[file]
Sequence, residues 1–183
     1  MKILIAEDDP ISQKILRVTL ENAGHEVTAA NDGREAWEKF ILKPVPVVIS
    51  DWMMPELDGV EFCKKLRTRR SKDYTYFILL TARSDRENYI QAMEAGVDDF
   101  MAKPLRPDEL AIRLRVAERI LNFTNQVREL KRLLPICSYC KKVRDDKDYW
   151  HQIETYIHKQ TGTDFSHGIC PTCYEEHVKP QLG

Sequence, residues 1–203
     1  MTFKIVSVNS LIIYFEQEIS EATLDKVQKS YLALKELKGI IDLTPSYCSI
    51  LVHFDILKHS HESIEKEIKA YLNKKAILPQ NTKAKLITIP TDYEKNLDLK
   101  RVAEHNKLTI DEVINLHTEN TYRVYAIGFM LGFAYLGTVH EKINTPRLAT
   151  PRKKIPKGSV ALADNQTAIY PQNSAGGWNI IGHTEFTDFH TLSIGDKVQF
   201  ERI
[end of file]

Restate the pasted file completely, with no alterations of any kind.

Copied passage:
Sequence, residues 1–183
     1  MKILIAEDDP ISQKILRVTL ENAGHEVTAA NDGREAWEKF ILKPVPVVIS
    51  DWMMPELDGV EFCKKLRTRR SKDYTYFILL TARSDRENYI QAMEAGVDDF
   101  MAKPLRPDEL AIRLRVAERI LNFTNQVREL KRLLPICSYC KKVRDDKDYW
   151  HQIETYIHKQ TGTDFSHGIC PTCYEEHVKP QLG

Sequence, residues 1–203
     1  MTFKIVSVNS LIIYFEQEIS EATLDKVQKS YLALKELKGI IDLTPSYCSI
    51  LVHFDILKHS HESIEKEIKA YLNKKAILPQ NTKAKLITIP TDYEKNLDLK
   101  RVAEHNKLTI DEVINLHTEN TYRVYAIGFM LGFAYLGTVH EKINTPRLAT
   151  PRKKIPKGSV ALADNQTAIY PQNSAGGWNI IGHTEFTDFH TLSIGDKVQF
   201  ERI